While you do still have the option of including longer text, it will need to be clicked on and expanded by the user. If you don’t grab their attention in those first three lines, the chances of that happening are slim.
The new image size will also present a big challenge to advertisers, as many tend to have multiple ads running at once and will need to modify any and all existing ads if they wish to continue running them.
Facebook’s new policy means it will begin automatically cropping photos to meet the 4:5 ratio, which could be a major issue if that cuts out the focal part of your ad.
Let’s take a look at a few ways you can adapt your ads to fit the new Facebook ad specs.
How You Can Prepare for the New Facebook Ad Changes
Now, before you start thinking that adapting your existing ads is more work than it’s worth, think about this: in a Facebook study, photo-only ads outperformed other ads in driving unique traffic.
That, my friends, is well worth a little reworking on your end.
In addition to driving traffic, photo ads are extremely useful if your goal is brand awareness. Due to their photo-driven nature, they tend to pop, and because they live in the news feed they tend to get a lot of impressions.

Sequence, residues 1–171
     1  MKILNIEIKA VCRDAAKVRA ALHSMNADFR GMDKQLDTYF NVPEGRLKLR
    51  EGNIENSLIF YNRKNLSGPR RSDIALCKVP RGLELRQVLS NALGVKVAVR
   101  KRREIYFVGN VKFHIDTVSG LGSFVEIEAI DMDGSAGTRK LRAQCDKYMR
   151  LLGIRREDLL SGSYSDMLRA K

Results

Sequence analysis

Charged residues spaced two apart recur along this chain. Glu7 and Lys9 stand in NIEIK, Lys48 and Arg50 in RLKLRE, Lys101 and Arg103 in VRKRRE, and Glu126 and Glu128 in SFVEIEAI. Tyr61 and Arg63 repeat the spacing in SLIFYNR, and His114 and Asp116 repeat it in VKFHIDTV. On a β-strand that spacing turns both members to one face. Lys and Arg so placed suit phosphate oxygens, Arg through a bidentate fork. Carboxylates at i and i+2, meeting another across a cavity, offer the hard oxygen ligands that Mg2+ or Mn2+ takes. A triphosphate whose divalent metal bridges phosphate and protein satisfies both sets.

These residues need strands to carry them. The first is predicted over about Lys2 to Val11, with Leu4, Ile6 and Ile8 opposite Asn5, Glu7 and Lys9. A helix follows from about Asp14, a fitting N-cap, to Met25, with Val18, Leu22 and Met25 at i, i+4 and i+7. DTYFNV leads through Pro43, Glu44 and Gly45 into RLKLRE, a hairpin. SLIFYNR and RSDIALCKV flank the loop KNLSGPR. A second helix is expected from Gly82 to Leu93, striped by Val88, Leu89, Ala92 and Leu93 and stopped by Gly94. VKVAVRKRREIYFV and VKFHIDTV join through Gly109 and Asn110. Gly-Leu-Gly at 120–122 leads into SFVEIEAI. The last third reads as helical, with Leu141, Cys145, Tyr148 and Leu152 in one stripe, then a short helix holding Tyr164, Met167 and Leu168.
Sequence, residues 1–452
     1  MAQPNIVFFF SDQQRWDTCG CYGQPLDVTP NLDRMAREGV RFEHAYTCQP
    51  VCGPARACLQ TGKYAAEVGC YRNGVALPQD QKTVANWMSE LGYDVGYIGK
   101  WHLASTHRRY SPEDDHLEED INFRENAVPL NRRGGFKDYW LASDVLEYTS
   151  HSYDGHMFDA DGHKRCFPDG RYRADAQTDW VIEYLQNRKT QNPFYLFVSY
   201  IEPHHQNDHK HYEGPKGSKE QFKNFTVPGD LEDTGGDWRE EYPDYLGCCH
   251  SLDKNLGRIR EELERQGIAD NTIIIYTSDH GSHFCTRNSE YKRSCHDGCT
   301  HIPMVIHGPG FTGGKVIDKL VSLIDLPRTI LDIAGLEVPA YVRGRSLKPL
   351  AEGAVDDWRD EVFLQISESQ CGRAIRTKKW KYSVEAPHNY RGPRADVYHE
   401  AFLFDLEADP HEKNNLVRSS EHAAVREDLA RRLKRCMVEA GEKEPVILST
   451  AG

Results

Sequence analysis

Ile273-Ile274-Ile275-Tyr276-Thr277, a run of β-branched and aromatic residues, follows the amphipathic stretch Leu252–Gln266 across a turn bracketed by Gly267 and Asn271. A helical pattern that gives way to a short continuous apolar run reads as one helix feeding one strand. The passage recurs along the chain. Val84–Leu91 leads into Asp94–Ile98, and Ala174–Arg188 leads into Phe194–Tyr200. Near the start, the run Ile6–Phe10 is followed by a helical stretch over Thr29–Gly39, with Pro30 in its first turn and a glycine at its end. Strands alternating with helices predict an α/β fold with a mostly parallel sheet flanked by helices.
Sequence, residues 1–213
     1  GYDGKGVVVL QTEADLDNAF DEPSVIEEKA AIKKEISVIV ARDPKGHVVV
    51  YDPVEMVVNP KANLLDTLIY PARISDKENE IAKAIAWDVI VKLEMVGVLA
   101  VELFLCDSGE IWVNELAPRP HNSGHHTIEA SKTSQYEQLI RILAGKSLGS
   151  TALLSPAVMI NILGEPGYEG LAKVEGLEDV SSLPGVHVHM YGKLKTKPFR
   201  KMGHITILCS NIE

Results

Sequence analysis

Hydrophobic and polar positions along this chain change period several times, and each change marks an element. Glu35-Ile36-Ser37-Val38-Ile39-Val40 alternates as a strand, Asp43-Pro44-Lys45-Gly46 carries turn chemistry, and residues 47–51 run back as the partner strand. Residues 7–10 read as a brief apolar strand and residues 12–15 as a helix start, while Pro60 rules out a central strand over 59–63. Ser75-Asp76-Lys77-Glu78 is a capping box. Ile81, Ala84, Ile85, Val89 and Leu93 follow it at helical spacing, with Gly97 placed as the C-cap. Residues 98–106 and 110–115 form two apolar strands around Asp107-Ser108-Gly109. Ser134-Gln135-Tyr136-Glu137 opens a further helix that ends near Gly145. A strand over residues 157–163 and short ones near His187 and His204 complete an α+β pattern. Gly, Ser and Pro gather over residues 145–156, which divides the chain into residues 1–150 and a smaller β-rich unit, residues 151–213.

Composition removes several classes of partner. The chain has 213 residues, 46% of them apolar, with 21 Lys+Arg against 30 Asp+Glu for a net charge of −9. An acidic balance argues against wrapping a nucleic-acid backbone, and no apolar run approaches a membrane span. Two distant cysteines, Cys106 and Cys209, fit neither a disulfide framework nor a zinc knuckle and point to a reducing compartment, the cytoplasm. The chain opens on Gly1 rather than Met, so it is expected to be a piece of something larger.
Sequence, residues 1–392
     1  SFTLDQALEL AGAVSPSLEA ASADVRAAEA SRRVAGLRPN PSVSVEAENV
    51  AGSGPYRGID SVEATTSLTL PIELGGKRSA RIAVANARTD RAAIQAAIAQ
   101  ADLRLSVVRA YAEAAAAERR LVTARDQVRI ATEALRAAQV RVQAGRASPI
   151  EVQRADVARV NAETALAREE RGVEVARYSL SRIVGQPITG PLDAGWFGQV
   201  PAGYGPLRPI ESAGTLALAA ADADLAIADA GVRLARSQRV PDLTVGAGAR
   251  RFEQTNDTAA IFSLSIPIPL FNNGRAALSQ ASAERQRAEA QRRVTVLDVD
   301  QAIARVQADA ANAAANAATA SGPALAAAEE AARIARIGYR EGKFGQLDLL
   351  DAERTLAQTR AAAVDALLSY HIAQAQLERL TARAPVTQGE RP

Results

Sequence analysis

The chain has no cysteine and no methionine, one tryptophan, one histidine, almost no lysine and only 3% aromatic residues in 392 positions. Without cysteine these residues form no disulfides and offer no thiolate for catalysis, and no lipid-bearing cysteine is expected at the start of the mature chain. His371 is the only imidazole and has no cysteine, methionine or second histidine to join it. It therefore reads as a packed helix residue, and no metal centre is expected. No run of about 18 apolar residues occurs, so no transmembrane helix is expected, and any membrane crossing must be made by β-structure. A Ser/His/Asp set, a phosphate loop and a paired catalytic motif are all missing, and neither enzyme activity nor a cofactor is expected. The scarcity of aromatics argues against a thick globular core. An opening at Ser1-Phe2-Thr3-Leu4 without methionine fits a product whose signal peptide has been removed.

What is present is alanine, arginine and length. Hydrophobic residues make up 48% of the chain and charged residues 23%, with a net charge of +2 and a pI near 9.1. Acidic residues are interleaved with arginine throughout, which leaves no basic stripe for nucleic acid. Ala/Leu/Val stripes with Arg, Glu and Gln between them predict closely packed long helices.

But, while impressions are all well and good, what you really want are clicks.
Here’s how to make sure you get them.
Make the Photo the Star (and Try Including People)
The photo (or video) you choose will have the biggest impact on the success of your ad.
After all, if the image doesn’t initially grab them, you can’t expect users to stick around for the text.
As such, it’s incredibly important that you choose an image that will not only stand out in a crowded news feed, but accurately represents your brand.
Remember, this isn’t the place to throw in an image for shock value or just because it’s ‘cool’; this is the place to bring your brand to life through imagery.
If you’re in ecommerce, this will often be a product. But regardless of your industry, including people in your image will likely have a bigger impact on your audience.
Because Facebook (ideally) is a place where people connect with family and friends, featuring people will feel more organic and less out of place in their news feeds.
Show people using your products. Or, if you don’t sell something physical, try featuring your employees.
We recently started running ads on Facebook and Instagram of our CEO bringing the audience along on an office tour. It’s a unique spin on what could otherwise be a dry ad, and we’re seeing good results.
And as always, use high-resolution images. This is non-negotiable. People will equate low-quality ads with low-quality biz, and more than likely is not the effect you’re going for.
Limit Text in Images in Your Ads
While we’re talking images, it’s important to note that the less text, the better.
The reason for that is two-fold.
First, overly-wordy images historically perform worse. In fact, according to Facebook, ads with less than 20% text do best.